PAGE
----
Patrick Watson keeps dreams alive

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      Winning Canada’s most prestigious music award may be a big deal to critics and industry types, but it clearly means jack shit to the average Toronto meter maid. Patrick Watson of Patrick Watson—which is both a band and the winner of the 2007 Polaris Music Prize—can attest to that. Two minutes into our phone interview, he puts our Q & A sesh on hold to fight a parking ticket that’s being issued in real time.

      “Oh, fuck, Jesus Christ,” Watson whispers into his cell before muttering something under his breath about Toronto. Though he tries somewhat frantically to get his manager to move the band van inside the hotel parking lot, in the end it looks like the parking enforcer has won the battle. “I think we’ll probably lose this one—I’m not going to lie. He seemed pretty stoked about giving us the ticket. He was all excited about it.”

      The experimental, falsetto-voiced singer-songwriter-composer from Montreal doesn’t even get a chance to pull the old “don’t you know who I am?” routine before getting slapped with the fine. But like a chamber-pop champ, Watson continues the interview. Here’s what he has to say on how his band’s latest piece of genius, Wooden Arms, differs from its award-winning predecessor, 2006’s Close to Paradise: “We definitely approached it differently, in the sense we were doing a lot more live recording—just recording things that sounded interesting to get what we wanted at the time.”

      For instance, he actually played a bicycle in the studio for “Beijing”, the album standout that conjures up images of a cartoonishly charming bike chase through the narrow streets of the bustling Chinese capital. It could almost be the piano-based accompaniment to a silent film.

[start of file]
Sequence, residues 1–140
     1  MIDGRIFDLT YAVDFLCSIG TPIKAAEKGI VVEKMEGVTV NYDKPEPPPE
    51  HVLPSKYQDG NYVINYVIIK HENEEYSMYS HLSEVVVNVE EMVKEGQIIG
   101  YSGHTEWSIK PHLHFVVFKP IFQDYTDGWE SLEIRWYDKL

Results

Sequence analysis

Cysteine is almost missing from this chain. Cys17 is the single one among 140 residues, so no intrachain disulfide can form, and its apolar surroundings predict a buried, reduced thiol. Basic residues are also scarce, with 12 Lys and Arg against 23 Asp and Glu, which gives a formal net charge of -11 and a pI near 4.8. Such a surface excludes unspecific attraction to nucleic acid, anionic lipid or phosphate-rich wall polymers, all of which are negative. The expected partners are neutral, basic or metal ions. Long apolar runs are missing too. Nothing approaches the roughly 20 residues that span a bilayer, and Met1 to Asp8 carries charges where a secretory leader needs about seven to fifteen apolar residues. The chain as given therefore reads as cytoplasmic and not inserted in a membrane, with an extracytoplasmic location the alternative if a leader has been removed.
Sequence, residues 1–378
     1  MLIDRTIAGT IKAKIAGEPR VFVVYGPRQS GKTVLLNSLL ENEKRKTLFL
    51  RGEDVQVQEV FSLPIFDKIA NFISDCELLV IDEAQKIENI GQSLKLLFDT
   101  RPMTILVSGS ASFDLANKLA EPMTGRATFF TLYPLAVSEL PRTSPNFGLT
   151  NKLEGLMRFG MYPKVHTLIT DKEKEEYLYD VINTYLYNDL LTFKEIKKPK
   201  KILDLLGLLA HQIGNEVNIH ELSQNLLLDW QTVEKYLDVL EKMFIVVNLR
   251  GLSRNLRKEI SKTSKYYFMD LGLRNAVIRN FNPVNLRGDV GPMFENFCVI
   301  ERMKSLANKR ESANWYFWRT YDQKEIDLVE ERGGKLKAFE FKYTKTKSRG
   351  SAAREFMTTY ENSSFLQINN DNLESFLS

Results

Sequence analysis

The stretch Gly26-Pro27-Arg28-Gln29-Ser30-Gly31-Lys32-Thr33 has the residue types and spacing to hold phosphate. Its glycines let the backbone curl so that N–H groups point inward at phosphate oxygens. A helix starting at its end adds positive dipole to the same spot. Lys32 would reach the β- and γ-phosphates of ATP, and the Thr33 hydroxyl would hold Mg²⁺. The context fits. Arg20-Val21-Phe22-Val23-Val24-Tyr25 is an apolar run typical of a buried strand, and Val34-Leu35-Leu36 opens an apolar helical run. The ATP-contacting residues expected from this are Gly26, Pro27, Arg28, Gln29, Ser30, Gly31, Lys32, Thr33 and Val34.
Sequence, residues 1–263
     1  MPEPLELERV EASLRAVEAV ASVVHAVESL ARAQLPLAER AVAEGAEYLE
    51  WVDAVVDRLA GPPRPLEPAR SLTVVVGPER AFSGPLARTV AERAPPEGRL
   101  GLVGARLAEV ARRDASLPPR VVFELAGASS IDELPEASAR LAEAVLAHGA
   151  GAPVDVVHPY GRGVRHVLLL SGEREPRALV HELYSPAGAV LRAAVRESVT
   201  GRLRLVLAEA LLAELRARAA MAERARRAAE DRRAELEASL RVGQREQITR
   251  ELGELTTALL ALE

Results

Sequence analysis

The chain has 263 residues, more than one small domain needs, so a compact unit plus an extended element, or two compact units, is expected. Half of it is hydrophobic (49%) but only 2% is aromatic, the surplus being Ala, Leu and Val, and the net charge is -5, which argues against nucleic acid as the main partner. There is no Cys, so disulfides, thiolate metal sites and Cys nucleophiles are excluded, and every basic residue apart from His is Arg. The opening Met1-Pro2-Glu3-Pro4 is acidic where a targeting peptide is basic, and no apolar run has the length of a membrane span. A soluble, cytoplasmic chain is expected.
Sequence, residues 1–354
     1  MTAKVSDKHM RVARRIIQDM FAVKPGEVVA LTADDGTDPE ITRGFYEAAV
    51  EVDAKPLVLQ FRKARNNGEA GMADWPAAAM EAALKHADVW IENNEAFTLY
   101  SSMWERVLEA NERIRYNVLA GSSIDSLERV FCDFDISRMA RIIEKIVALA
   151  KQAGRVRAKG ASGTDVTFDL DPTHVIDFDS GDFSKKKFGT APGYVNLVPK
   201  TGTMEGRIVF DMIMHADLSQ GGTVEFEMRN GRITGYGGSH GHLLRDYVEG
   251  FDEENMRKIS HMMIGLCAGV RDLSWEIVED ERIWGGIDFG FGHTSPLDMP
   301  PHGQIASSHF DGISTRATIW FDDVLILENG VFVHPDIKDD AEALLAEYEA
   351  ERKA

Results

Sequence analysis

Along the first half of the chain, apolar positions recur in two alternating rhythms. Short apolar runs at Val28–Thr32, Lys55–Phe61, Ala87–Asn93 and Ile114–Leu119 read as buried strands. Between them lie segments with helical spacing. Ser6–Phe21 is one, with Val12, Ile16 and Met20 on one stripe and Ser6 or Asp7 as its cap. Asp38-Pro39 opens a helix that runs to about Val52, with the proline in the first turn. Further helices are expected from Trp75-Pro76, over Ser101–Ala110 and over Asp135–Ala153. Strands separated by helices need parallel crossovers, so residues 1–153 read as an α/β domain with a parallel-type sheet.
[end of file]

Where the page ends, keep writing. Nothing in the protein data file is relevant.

Other highlights on Wooden Arms include the title track, in which the divine Lhasa de Sela lends a beautifully eerie quality to the barely-there string instrumentation and Watson’s crackling vox. Then there’s the gorgeous “Big Bird in a Small Cage”, where Montreal’s Katie Moore gives a subtle, countrified warmth to the folkiest song on the album. And for fans of Maurice Sendak’s classic children’s picture book, there’s the whimsical head-trip for kids, “Where the Wild Things Are”.

      “I used to sleep with that book when I was a kid, from I guess five to God knows when,” admits Watson. “I still have the book somewhere around the studio. It’s one of my favourite books of all time.”

      Apparently, director Spike Jonze likes it too. He’s got a live-action film adaption of the book due out this fall. Unfortunately, at last check, Jonze had yet to reply to Watson’s musical submission for the movie’s soundtrack. So how is Watson taking this Hollywood slight? Well, as with the parking ticket, he’s disappointed, but he’s not going to let it keep him down for long.

      “You have little dreams and stuff.”¦You try them out and see what happens,” he says. “It’s good to have little ambitions and dreams like that and if it happens, it happens and if it doesn’t, it doesn’t—it’s not a big deal.”

      Patrick Watson plays Richard’s on Richards on Wednesday (May 13).